Nelson W. Polsby. Policy analysis and Congress
One of the functions of the United States Congress is to act as a machine for making decisions about public policy. In what sense does Congress engage in analytic activity in the process of decision-making? How can Congressional decision-making be made more receptive to the kinds of policy analysis that are carried on elsewhere, both within the government and outside it?
The fact that Congress is organized differently from conventional bureaucracies leads many observers to assert overhastily that Congressional decision-making is inefficient, cumbersome, and in need of instant reform. Consider, for example, the fact that Cabinet officers are asked to justify certain aspects of their programs in much the same language before authorization and appropriation committees in both houses, adding up to four presentations in all-- clearly an inefficient use of a busy executive's time, according to the busy executive and his friends.1 Yet this same busy executive insists as a matter of course that programs coming up the line to his office be justified repeatedly to program review committees, bureau chiefs, department level staff, and departmental budget officers, and he would think nothing of justifying the program again to other interested executive branch departments, the President and the budget bureau. Cabinet-level officers quite commonly make presentations, formal and informal, justifying their programs to the general public, to interest groups, to newspapermen. Why, then does alleged inconvenience to an executive officer of the government provide an excuse for the recommendation that Congress change its structure if the same reasoning does not lead (for example) to an outcry to consolidate those three well-known extra-constitutional entities, "Face the Nation," "Meet the Press," and "Issues and Answers"?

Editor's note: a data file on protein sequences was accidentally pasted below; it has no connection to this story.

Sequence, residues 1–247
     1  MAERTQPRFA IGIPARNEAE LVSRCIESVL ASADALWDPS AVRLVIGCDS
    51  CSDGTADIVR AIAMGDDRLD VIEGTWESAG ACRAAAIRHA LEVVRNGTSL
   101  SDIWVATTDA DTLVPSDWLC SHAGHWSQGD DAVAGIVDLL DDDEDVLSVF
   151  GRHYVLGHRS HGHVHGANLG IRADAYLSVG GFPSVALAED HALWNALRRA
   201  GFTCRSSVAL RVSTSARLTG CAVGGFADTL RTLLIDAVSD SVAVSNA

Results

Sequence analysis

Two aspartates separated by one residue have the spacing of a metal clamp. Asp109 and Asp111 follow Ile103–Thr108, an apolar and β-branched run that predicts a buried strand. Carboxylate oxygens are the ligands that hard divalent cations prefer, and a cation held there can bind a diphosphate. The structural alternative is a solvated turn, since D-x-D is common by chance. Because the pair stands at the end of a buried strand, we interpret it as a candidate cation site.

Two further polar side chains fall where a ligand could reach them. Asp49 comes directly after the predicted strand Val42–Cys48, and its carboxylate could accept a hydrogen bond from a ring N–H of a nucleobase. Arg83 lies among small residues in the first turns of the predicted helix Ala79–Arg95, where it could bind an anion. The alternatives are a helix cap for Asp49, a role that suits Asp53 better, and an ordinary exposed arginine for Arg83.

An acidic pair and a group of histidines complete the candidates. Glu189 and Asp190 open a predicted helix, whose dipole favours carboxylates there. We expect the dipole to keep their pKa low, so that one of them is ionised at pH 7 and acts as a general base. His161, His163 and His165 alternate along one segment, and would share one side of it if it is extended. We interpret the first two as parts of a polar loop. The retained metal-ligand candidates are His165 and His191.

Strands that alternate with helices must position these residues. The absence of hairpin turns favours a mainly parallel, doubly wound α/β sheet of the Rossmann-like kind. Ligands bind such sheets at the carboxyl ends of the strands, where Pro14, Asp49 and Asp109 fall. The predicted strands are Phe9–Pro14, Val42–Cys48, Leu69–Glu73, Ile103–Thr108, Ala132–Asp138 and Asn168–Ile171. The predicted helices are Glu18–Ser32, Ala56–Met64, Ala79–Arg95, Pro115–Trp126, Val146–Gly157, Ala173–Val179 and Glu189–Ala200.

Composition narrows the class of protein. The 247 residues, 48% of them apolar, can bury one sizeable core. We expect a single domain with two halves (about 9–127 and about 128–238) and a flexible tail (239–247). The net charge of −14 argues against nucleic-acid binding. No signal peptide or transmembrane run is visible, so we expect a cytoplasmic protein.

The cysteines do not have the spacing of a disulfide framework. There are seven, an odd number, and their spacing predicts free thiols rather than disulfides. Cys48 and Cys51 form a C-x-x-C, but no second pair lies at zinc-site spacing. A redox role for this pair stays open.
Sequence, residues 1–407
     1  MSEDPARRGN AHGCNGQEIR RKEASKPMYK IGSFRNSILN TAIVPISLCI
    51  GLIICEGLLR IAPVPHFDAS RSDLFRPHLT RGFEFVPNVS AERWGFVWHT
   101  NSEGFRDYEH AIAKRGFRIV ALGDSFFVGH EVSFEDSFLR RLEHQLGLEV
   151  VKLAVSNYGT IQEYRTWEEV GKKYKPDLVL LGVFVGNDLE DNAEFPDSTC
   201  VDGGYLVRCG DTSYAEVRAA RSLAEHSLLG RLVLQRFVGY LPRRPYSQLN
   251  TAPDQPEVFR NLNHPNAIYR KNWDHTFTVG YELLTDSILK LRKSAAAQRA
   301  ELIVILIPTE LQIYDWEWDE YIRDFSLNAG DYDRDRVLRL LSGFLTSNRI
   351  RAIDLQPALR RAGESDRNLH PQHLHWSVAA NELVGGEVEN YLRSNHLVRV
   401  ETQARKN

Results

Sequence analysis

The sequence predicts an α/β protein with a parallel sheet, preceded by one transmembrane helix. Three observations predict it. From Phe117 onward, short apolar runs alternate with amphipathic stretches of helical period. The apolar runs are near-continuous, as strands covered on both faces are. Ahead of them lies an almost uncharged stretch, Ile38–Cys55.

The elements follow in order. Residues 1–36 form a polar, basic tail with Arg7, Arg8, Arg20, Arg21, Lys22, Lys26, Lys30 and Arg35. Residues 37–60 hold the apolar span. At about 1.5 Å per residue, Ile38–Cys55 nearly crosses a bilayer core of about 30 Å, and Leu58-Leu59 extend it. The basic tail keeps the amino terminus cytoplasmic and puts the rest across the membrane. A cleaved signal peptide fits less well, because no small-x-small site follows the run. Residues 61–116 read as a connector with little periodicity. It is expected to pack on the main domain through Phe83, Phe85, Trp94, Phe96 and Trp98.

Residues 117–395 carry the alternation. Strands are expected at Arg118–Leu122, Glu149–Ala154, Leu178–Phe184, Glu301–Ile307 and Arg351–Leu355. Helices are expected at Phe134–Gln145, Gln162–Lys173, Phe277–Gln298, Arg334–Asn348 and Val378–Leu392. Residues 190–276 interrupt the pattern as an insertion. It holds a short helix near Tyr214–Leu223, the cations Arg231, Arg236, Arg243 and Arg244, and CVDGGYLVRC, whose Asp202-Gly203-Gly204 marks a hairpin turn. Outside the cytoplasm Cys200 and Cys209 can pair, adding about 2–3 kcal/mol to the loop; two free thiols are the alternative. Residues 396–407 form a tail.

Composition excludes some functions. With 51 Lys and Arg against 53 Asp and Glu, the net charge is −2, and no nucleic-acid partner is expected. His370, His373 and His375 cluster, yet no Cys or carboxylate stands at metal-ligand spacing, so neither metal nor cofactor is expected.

This is one of the little mysteries of Washington politics, wrapped inside the bigger enigma that the organizational structure of Congress presents to most of the outside world. As an outsider myself I cannot pretend to know all the ins and outs of Congressional decision-making, but I believe nevertheless that some attempt has to be made to comprehend the unique qualities of the two houses in order to capture a sense of why they interact as they do with one another, with the executive branch, and with the rest of their environment.
The structure of an organization, after all, maps the topography of its economizing devices. So.in viewing the structures of the House of Representatives and the Senate whole and from a distance, it may be easier to see how rational calculation enters into the wiring diagram of Congressional decision-making, how Congress does research, how "politics" aids and deters rational calculation, and how increased professionalization in policy analysis can improve the political position of generalist politicians.
As institutions, the House and the Senate differ markedly in their essential character. The House is a highly specialized instrument for processing legislation. Its great strength lies in its firmly structured division of labor. This division of labor provides the House with a toehold in the policy-making process by virtue of its capacity to farm out and hence, in some collective sense, to master technical details. House members are frequently better prepared than senators in conferences,2 and usually have the better grasp of the peculiarities of the executive agencies they supervise. This is an artifact of the strong division of labor that the House maintains: Members are generally assigned to one or two committees only; and floor debate is generally limited to participation by committee members. There is an expectation that members will concentrate their energies, rather than range widely over the full spectrum of public policy. Patterns of news coverage encourage specialization; general pronouncements by House members are normally not widely reported. Senators, because they are fewer, more